Wednesday, January 28, 2015

Azuchi Castle Link

                                                                        Azuchi Castle ruins.

Earlier today I found a decent link on Azuchi Castle.  For those who are going or planning to visit Azuchi in the near future, this link might be useful for you.  The link is in Japanese.  However, it does contains photos of the most popular spots at Azuchi Castle.

Nobunaga no tame!

Monday, January 19, 2015

Meiji Era Okehzama Book

Earlier in the week I found Tsuzoku Nihon Senshi Okehazama no eki by Tsukahara Yasushi.  The book was printed in 1911 in Tokyo by Koseido.  The text in Japanese and a bit difficult to read.  That being said, it is a rare find with treasure troves of good information on the Battle of Okehazama.

Tenka no tame!

Friday, January 16, 2015

Imagawa Yoshimoto Print I

I received another Battle of Okehazama print with Imagawa Yoshimoto (1519-60) in the mail earlier this week.  "Night Rain at Narumi" by Kuniyoshi.  I found an old original print about a year at an antique fair in Nagoya.  However, the price was almost $500.  It was too expensive.  The print I have is a reproduction.  If you notice the picture above, the print is the same as my book cover.

Nobunaga no tame!

Sunday, January 11, 2015

Ukino I

Here is the English translation of the Battle of Ukino in 1558.  This was one of the first translations I did of the Shincho-Ko ki while studying at the University of Gifu almost fifteen years ago.  This passage however is translated by Lamers and Elisonas.  The Chronicle of Lord Nobunaga (pp., 105-6)

"The following took place on the 12th of the Seventh Month [Eiroku 1 (1558)].  The distance between Kiyosu and Iwakura was no more than thirty cho, but it was difficult terrain.  Nobunaga therefore conducted an envelopment operation traversing more than three leagues, maneuvered his troops to the other side of Iwakura, and occupied a favorable position.  Advancing from that foothold, he deployed at a place called Ukino.  When Nobunaga sent his light infantry forward, some three thousand defenders sortied spiritedly from Iwakura Castle, eager to bar the way.

On the 12th of the Seventh Month, at the Hour of the Horse, Nobunaga launched his attack toward the southeast.  After some hours of fighting, the enemy was routed.  As a man called Hayashi Yashihiro, a native of the village of Asano who was a famous archer was fleeing from the battlefield with his bow, Hashimoto Ippa, the famous harquebusier went for him.  Since they were long-time friends, Yashichiro shouted to Ippa, 'I'm not about to spare your life!'  'Understood,' was the response.  Yashichiro nocked a shaft fitted with an arrowhead about four sun [twelve centimeters] long to his bow, turned back, and sent the arrow flying deep into Ippa's armpit.  But Ippa, who had loaded his harquebus with a double charge, took aim and fired, too.  Yashichiro fell to the ground.  Right then, one of Nobunaga's pages, Sawaki Tohachi, rushed to the scene with the intention of taking Hayashi's head.  Still lying on the ground, Yashichiro managed to unsheathe his sword and strike Tohachi at the left elbow, lopping off the forearm along with the gaunlet.  But Tohachi, far from giving up, kept at it and finally took his head.  Hayashi Yashichiro was a great swordsman as well as an unparalleled archer.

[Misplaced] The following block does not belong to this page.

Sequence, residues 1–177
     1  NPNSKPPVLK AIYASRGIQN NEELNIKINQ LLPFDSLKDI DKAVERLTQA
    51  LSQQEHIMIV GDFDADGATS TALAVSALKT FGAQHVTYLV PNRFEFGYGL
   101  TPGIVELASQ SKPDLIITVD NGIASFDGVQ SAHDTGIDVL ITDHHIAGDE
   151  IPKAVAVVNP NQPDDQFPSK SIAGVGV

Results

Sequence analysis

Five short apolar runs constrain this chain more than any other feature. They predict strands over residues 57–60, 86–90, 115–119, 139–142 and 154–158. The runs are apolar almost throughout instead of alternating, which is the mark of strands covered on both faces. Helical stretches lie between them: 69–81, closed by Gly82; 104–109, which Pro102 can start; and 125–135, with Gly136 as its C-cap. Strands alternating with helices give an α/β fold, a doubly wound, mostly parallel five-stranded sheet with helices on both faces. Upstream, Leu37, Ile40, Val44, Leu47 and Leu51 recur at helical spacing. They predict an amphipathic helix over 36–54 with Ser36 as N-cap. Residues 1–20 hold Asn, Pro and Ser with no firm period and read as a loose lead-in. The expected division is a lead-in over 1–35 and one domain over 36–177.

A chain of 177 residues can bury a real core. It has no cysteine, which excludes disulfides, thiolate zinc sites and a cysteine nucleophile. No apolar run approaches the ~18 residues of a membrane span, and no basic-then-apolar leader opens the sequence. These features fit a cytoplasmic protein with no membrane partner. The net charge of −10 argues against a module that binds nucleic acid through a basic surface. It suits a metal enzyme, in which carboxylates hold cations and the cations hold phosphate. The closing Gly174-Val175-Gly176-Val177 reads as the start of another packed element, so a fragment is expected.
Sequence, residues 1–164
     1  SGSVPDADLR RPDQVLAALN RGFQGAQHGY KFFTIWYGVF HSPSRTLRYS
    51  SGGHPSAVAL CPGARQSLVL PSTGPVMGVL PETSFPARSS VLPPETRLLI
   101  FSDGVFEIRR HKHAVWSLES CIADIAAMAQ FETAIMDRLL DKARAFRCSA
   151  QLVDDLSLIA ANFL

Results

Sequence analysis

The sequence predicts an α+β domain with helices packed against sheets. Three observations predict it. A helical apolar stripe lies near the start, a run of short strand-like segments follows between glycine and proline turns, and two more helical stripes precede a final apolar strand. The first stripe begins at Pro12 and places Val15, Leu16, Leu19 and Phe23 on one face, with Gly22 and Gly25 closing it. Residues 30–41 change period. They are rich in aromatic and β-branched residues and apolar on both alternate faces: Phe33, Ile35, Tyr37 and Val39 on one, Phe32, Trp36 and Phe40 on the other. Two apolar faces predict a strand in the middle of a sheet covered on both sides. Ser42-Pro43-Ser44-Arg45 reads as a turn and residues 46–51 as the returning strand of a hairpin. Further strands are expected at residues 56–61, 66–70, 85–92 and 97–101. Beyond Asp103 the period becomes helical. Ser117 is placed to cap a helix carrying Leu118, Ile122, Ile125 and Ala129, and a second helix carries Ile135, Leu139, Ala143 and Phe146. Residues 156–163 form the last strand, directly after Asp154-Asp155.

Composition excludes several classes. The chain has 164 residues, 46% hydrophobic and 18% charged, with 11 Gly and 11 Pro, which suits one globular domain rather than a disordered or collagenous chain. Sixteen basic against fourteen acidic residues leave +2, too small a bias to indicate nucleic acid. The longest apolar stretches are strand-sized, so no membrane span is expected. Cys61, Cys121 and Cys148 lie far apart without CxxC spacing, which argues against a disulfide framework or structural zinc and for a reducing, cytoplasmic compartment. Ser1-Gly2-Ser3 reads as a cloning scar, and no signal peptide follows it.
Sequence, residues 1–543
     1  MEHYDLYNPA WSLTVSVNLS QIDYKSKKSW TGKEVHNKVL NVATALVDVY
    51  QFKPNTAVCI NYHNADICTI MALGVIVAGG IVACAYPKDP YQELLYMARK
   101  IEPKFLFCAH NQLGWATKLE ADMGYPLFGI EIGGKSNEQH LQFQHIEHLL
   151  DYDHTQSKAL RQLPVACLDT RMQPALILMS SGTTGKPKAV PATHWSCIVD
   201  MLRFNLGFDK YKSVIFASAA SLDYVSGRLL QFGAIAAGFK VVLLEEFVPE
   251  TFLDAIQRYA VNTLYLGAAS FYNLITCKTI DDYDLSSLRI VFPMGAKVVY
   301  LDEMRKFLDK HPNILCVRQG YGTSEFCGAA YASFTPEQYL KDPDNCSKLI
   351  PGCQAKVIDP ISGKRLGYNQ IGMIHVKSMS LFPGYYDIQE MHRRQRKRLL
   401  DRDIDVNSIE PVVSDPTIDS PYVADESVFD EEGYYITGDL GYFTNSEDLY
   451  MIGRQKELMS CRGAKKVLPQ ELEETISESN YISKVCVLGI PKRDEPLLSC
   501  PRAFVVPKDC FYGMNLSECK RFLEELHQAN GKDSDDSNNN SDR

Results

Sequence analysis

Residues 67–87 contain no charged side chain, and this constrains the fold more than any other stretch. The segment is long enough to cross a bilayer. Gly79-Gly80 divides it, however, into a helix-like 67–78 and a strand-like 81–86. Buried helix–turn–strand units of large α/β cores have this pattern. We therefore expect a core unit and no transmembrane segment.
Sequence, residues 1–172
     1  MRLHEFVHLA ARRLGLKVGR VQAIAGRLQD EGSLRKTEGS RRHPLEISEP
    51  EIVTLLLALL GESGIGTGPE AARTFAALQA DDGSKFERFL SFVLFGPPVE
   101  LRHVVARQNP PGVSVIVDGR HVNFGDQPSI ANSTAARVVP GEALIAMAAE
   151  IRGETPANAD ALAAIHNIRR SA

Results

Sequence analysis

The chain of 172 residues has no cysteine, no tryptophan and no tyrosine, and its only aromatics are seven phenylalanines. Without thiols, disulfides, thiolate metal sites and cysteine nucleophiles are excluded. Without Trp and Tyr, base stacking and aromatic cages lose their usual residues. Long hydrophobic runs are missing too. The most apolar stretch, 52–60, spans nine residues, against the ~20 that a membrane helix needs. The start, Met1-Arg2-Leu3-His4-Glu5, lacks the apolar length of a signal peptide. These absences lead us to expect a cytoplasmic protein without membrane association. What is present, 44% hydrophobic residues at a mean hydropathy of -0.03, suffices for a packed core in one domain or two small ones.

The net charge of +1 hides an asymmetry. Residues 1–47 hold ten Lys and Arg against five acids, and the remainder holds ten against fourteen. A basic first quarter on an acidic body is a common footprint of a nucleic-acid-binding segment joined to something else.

That same day Nobunaga pulled his troops back to Kiyosu.  The next day he conducted the inspection of the heads taken.  There were more than 1,250 heads of accomplished samurai."

Tenka no tame!

Tuesday, January 6, 2015


A little over a year ago, I was able to visit the Ukino battlefield landmark. In 1558, Nobunaga scored a huge important victory in goal to unify Owari after defeating the Iwakura forces at the Battle of Ukino.  From Kiyosu Castle to the Ukino area was around six miles.  From Iwakura Castle, it was approximately three.  Kiyosu to Iwakura around four miles.  Matchlock rifles, bow and arrows, and spears were used in battle besides the sword.  That being said, there was one person who stood out at the Battle of Ukino, Nobunaga's gun instructor Hashimoto Ippa.  It was known that in the heat of battle, Ippa fired a double charge shot at Hayashi Yashichiro.  Nobunaga's army took more than 1,250 heads in their victory over the Iwakura.

Nobunaga no tame!

Thursday, January 1, 2015

Happy 2015

Akemashite Omedetou Gozaimasu!  Happy New Year to my fellow ashigaru readers!

If everything goes right, I will be in Japan in February for the month doing more work on the Battle of Okehazama and young Nobunaga.  For those who are keeping count, this year would be the 455th anniversary of the Battle of Okehazama.  One of my main goals of the trip is how both Okehazama battlefields (Arimatsu/Toyoake City) can be preserved and used as a tool for the 21st century.  As for the novel, it is getting there and I will tell you for sure, it will be better than my first book.  LOL!

My main 2015 goal is to continue to give you information on the Uesama, Okehazama, new books on Nobunaga and the Sengoku Era in general, and pictures.

Owari ni hikari wo!